Sydney: South Korea will be praying lightning does not strike twice when they face Iraq in the Asian Cup semi-finals on Monday, having limped to the last four battered and bruised.
The Koreans have failed to win Asia`s showcase tournament since 1960 -- a curious anomaly for a country with a proud footballing pedigree and who famously reached the last four of the World Cup in 2002.
But as coach Uli Stielike tries to rouse his injury-hit squad for Monday`s clash, memories of Iraq`s fairytale run to the 2007 Asian Cup title will haunt the Red Devils.
South Korea were stunned on penalties in the semi-finals by Iraq, who went on to beat Saudi Arabia in the final in Jakarta, talisman Younis Mahmoud heading the winner to bring a small measure of comfort to the war-torn country.
"There is a lot of history with Korea," said Iraq coach Radhi Shenaishil. "There have been a lot of positive results for Iraq. We have one less day to recover than South Korea, but all four teams left now have the same chance to lift the trophy."
Iraq`s preparations will not have been helped after Iran protested to tournament organisers that the Iraqis had fielded an ineligible player in Friday`s quarter-final defeat, alleging that Alaa Abdulzehra had committed a doping violation last year.
Stielike will try to patch up his team of walking wounded and hope South Korea`s golden boy Son Heung-Min can repeat his midweek heroics, when he struck twice in extra time in the 2-0 quarter-final win over Uzbekistan.
The mercurial forward, dubbed "Sonaldo" by his team mates at German club Bayer Leverkusen, produced a superhuman display, despite not having fully recovered from a flu bug, and left the pitch on a stretcher.Stielike`s wish that Iraq and Iran also battle each other to a standstill came true as the bitter rivals tore furiously into each other in an ill-tempered game in Canberra, Iraq prevailing 7-6 on penalties after a helter-skelter 3-3 draw.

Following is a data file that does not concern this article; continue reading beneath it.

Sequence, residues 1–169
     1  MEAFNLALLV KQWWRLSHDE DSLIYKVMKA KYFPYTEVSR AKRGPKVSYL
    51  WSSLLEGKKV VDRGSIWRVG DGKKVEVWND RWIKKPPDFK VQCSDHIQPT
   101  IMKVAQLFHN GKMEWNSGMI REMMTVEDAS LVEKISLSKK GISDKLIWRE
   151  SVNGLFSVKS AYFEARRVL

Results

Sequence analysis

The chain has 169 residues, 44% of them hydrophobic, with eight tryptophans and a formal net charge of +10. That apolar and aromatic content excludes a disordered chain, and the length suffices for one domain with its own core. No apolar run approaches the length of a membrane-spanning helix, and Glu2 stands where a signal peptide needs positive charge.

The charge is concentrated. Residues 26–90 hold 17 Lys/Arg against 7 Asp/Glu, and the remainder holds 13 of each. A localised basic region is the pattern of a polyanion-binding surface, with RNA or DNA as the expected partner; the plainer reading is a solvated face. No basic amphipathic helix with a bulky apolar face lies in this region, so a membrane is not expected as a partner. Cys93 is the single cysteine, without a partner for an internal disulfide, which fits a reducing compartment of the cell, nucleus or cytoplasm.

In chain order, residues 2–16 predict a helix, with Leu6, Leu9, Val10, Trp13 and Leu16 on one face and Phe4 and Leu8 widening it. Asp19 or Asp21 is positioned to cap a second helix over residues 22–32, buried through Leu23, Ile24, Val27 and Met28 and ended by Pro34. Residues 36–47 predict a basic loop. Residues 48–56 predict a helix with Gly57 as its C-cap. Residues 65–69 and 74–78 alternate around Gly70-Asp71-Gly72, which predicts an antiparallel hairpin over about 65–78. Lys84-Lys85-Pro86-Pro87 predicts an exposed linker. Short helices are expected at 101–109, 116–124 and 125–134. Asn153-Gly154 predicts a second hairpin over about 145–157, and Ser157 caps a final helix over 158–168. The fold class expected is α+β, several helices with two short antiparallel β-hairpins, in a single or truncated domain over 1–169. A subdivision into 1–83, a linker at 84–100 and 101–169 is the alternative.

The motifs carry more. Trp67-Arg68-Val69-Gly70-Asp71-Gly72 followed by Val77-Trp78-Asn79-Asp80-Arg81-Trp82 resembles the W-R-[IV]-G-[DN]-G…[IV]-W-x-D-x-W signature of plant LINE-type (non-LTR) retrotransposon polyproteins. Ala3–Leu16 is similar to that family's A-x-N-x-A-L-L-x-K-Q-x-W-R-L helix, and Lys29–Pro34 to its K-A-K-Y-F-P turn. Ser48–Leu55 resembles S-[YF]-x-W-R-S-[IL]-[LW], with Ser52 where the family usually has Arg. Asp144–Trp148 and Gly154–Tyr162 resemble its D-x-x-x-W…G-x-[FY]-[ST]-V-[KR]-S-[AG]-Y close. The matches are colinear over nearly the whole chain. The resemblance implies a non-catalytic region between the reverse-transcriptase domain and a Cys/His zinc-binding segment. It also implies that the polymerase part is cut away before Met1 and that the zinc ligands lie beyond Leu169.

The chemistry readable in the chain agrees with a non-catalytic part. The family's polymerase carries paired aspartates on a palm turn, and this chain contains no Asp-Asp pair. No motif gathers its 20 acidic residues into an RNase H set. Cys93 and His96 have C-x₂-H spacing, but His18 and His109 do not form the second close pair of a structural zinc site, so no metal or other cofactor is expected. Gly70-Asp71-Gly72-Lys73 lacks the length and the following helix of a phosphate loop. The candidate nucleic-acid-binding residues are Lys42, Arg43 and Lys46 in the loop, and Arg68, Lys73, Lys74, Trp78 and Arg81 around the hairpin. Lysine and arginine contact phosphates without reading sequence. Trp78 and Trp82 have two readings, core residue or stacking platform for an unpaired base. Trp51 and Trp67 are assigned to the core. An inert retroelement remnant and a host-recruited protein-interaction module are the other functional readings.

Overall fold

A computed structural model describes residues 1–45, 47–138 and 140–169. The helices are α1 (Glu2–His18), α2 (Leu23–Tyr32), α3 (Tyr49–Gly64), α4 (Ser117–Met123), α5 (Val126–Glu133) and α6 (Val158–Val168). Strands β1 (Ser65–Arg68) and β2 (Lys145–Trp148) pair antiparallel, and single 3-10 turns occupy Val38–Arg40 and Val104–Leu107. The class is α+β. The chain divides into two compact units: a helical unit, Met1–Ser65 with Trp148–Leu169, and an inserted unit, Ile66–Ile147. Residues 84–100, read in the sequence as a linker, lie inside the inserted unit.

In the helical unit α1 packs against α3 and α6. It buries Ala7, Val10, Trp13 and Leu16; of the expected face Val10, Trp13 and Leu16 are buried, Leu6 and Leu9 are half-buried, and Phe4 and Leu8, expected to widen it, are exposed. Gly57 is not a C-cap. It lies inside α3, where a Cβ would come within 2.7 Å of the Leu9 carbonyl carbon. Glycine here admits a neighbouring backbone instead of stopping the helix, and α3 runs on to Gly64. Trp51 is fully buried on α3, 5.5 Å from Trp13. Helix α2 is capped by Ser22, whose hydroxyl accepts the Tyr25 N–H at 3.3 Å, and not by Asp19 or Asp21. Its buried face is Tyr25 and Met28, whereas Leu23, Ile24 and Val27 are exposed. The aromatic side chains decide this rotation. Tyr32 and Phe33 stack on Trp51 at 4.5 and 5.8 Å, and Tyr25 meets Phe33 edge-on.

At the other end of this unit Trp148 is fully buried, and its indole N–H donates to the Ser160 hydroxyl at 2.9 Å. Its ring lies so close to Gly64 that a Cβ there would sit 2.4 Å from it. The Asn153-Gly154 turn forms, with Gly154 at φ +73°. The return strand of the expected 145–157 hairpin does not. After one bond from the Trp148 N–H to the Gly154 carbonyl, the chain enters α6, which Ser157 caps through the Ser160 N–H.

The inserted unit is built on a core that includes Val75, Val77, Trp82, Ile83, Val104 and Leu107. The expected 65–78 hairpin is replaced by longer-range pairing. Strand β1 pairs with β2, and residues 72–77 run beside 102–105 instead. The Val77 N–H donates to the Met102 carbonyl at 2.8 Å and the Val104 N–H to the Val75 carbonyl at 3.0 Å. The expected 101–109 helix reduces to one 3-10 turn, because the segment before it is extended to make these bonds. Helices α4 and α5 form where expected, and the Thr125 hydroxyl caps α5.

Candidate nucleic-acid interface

With injuries ending the involvement of winger Lee Chung-Yong and midfielder Koo Ja-Cheol, and Son struggling for fitness, Stielike is monitoring daily medical reports from his team doctors and may have to tinker with his side once more.
"It`s not an excuse but we are missing two or three big players," said the German. "No other team has had to show such mental strength and sacrifice as our boys. The pressure the national team is under in Korea has given us some mental problems. Now there`s even more pressure on us to reach the final."
The prize awaiting the winner is a championship decider against either hosts Australia or the United Arab Emirates in Sydney on January 31 but with physical and mental exhaustion taking its toll on both sides -- and the stakes so high -- Monday`s game could be a cagey affair.
A moment of magic from Son or Mahmoud, who chipped in an audacious `panenka` spot-kick in the shoot-out against Iran, could decide it.
"We have a young squad and he is our leader," Shenaishil said of his talisman. "He`s the type of player that opponents hate to play against."